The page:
Sunday, January 25, 2015
What Makes Teams Work Well?
According to researchers Anita Wooley, Thomas W. Malone, and Christopher Chabris: it's not average team IQ, it's not extroversion, and it's not feeling motivated to work.
So what is it? Three factors: (1) equal contribution from all team members; (2) ability to keep track of what others feel and believe; and (3) proportion of women on the team.
That's right: gender equality in team membership was not a factor for success. The more women on the team, the better the team tended to do.
This was at least partly explained by the fact that women tend to do better than men on factor (2): the ability to keep track of what others feel and believe (called Theory of Mind), which includes as an important sub-factor the ability to read complex emotional states from faces (Reading the Mind in the Eyes).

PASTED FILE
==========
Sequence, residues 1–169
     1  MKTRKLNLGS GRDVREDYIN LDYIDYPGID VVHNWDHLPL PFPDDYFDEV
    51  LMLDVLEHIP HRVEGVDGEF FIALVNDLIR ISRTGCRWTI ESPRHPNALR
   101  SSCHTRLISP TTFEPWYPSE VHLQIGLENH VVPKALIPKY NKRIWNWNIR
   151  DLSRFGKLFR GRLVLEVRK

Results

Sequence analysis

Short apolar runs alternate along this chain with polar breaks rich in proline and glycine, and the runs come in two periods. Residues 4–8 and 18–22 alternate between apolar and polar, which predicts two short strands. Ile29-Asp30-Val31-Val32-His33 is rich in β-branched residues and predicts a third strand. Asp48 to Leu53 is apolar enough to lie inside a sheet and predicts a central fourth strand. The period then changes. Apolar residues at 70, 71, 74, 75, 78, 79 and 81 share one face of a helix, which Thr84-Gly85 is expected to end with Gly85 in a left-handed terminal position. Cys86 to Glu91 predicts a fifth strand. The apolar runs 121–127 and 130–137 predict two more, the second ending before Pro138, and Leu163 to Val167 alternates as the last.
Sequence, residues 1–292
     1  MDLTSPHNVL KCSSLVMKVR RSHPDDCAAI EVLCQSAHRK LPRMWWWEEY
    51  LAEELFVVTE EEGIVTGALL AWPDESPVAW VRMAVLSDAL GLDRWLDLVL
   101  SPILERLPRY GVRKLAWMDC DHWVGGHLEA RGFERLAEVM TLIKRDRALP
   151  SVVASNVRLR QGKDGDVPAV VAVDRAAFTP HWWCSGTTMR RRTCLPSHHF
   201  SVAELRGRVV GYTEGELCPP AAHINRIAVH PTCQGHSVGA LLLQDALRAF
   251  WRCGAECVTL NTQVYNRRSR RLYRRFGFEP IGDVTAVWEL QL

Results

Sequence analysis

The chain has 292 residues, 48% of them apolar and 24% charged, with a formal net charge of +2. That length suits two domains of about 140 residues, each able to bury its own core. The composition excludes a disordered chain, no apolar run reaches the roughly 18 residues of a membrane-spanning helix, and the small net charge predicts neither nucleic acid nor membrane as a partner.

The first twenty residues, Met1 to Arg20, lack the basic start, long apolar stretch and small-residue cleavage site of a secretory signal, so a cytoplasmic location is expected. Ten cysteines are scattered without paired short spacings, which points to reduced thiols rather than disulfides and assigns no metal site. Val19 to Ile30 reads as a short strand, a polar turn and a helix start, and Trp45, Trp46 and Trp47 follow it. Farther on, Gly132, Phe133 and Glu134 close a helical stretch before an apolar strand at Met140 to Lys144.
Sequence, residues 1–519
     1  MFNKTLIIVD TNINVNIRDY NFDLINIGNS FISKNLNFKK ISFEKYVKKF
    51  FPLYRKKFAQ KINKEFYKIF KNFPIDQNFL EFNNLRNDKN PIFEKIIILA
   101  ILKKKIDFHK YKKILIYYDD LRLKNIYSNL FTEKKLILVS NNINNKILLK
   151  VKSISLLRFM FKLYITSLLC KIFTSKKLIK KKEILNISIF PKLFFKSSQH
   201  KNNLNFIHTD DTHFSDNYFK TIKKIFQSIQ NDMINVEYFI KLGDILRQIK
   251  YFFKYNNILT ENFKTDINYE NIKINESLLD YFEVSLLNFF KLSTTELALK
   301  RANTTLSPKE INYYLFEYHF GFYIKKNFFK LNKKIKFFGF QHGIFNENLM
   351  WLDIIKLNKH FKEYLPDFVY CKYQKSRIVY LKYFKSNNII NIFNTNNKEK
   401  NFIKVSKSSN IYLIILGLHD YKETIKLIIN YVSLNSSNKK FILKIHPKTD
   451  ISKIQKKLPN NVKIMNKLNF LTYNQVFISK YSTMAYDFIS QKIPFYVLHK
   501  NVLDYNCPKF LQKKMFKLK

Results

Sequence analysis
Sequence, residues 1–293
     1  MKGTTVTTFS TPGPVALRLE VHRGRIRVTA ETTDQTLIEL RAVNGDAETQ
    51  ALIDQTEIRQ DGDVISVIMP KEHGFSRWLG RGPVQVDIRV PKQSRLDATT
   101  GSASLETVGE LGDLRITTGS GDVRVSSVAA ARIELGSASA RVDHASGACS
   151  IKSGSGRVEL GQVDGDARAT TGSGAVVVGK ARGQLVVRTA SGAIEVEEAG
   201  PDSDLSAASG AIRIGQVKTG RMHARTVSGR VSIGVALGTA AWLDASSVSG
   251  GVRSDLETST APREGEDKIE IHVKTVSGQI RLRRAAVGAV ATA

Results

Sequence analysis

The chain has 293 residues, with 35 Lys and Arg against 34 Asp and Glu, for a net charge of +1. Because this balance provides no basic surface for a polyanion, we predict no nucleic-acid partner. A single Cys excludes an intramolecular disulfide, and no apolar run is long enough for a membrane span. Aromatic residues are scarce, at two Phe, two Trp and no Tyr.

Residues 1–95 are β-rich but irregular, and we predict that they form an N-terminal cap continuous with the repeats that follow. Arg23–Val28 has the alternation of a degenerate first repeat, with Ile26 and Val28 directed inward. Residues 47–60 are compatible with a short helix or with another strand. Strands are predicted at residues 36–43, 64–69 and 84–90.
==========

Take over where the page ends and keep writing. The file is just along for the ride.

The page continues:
The authors initially conducted a study using only face to face teams, and then conducted a follow-up study which tested both face to face and online teams. The initial results held up, including the importance of the ability to keep track of what others feel and believe. (Indeed, it was the online study that made them realize that factor (2) consists of more than just Reading the Mind in the Eyes, because this is not something that the online team members were able to do; this led the researchers to postulate the importance of Theory of Mind for team success.)
I have a pedagogical interest in this result, since I have started to use team-based learning in all of my classes. But this research is important for all human organizations . . . probably for all humans, period.